More Planning Now, Less Fighting Later

March 18, 2016 11:39 AM

Many farmers want to avoid the topic of succession planning because they don’t want to hurt anyone’s feelings. Those who actually do make a plan sometimes proceed in secret with the attitude of letting the chips fall where they may. This is a sure way to initiate a legal battle over the value and control of the family farm. It’s better to have clear, open and honest communication about your goals for the farm’s ownership and operation with the next generation.


The following hot-button issues frequently send farm heirs to court:  

  • Does anyone have the right to purchase your land or machinery upon your death? If so, at what price? Fair market value, as determined by an agreed-upon appraiser, is a reasonable starting point. A public auction is rarely the best outcome for the farm. 

If you want one of your family members to have a right to buy land or machinery after your death, you need to say so. If you want them to have a chance to buy it at a discounted price, you certainly need to say so. 

Unintended consequences, regarding your trust, might occur if you name one child as the trustee of your land. If you intend for that trustee child to be able to purchase some or all of the trust’s property, you should say so. Absent specific language in the trust, state laws generally prohibit a trustee from participating in the purchase of trust property because of a conflict of interest.

  • Is there a non-family successor to your operation? Many farmers are creating succession plans that allow a non-relative, such as a long-time tenant or trusted employee, to buy interests in the operation during retirement and upon death. Open communication is key, so the children don’t feel their parents were unduly influenced while they were off living in the city.  

If city heirs are going to be absentee landlords, special attention to details is crucial to allow the non-related operation’s successor continued access to farm your family’s land, while your children earn fair value rent on the land, based on the formula you define.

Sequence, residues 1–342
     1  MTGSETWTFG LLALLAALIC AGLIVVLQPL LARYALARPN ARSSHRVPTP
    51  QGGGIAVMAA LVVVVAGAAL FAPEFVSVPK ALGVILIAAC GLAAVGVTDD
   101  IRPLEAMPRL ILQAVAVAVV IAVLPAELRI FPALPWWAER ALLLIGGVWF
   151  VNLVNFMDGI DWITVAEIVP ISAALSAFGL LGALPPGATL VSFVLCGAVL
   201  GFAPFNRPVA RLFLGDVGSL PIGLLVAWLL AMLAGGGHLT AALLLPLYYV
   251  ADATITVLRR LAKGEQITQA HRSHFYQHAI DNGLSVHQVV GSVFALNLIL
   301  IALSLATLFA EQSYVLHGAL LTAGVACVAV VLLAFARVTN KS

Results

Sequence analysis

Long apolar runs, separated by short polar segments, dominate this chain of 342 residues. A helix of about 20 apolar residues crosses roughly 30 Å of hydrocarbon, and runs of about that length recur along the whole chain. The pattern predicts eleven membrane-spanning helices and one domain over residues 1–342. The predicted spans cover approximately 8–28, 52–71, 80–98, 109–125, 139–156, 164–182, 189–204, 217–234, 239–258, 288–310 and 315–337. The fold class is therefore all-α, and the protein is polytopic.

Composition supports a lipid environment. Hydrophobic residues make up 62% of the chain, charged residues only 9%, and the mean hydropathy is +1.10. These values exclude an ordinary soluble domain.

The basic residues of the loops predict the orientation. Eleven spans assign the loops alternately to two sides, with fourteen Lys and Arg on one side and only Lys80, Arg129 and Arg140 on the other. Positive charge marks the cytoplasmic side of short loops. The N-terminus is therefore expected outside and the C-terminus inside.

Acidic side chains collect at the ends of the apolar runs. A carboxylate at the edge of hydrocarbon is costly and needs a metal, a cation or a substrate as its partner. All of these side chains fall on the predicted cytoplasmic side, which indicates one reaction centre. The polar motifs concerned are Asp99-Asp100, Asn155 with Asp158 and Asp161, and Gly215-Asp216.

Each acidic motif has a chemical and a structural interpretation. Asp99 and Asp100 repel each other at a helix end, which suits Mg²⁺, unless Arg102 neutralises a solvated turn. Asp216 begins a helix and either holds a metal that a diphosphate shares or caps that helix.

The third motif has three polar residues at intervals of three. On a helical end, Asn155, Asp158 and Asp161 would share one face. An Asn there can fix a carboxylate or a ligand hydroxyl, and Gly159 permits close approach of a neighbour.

• What about your house? What about your barns, pastures, shop and grain bins? Does one of your children get to live in your house? Do they have to pay rent, or is it part of their compensation for running the operations? Be specific. 

If it’s your intent for one of your heirs or another non-relative successor to use the barn, pastures and shop, for little to no rent, that’s fine. Just say so. Often the bins, shop, etc., have been built on land that’s going to end up co-owned by multiple children. 

Take steps now to obtain a survey and split off that land as a separate parcel to make it easy to transition control and ownership of the operation to one child while all of the children own the farmland. 

  • Outdated buy-sell agreements and estate plans can cause more trouble than if no documents existed at all. Review the governing documents of your farm business entities to make sure they are still a good fit and meet current goals. Farmland values change, family relationships change. 
  • If some of your children will be landlords and another (or non-related successor) will be a tenant, be specific about who sets cash rent rates and what to do if (or when) they cannot agree.  

You might be tempted to include a no-contest clause in your will or trust that says, “he who sues gets nothing.” Courts in about half our states will not enforce no-contest clauses. Other tactics have a similar effect. Include language waiving attorney-client confidentiality with respect to your intent regarding a different, lesser or lack of inheritance left to one child. Consider a clause that all legal fees to defend a lawsuit brought by a child be charged against that child’s share.  

Plan early, before your mental capacity becomes questionable. We can’t stop an heir from suing, but we can help you take steps to build a wall and make it easy to defend that future lawsuit so it quickly fails.  

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